UMass holding large-scale Meningitis vaccination for students

Meningococcal Meningitis strikes fewer than 3,000 people in the United States each year

AMHERST, Mass. (WWLP) – UMass is planning to hold a large-scale vaccination program to protect its students from Meningitis. Meningitis is an uncommon bacterial infection, and if its not treated, it can kill you.

UMass Amherst declared a Meningitis outbreak on campus this week, after two students tested positive for it in October and November.

“I think vaccinations are good, but it’s still just two cases,” UMass Senior Trent Kindvall told 22News. “I feel like until we have more than that its just, but getting vaccinated is a good step to making sure there are not more.”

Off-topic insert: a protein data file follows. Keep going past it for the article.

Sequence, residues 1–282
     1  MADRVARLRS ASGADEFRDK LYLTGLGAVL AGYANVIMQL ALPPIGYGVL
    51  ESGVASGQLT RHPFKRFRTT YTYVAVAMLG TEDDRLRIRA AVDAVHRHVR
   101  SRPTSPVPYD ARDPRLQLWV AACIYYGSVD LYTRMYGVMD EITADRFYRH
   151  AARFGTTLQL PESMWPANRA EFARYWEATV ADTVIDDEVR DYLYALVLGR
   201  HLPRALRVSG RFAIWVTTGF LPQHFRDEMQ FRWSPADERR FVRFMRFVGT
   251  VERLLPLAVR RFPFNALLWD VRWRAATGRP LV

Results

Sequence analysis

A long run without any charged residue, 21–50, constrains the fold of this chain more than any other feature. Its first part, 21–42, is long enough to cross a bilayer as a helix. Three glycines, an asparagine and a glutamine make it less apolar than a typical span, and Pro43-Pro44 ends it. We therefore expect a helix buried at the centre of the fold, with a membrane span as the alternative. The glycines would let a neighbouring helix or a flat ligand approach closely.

Meningititis is a bacterial infection that affects the lining of the brain and spinal cord. It can also cause a severe blood infection. UMass health officials are urging all students to be vaccinated.

Meningococcal Meningitis strikes fewer than 3,000 people in the United States each year, many of them college students.

“The students were given the vaccine, but there was a strain of Meningococcal that wasn’t in some of the older vaccines,” Dr. R.F. Conway of AEIOU Urgent Care told 22News. “The new vaccine that’s available for that does have coverage for that.”

According to Dr. Conway, newer vaccine formulas now protect against this Serogroup B strain, which is the strain that infected both UMass students.

Students will go to the Student Union and line up outside these doors. They’ll be met by a greeter and then walked into the Cap Cod Lounge room.

They’ll check themselves in on computers that will be lined along tables. In the back there will be an EMT, as well doctors to answer any questions they may have. From there, they’ll walk themselves through the double doors to be vaccinated.

The swelling from meningitis typically triggers symptoms such as headache, fever and a stiff neck.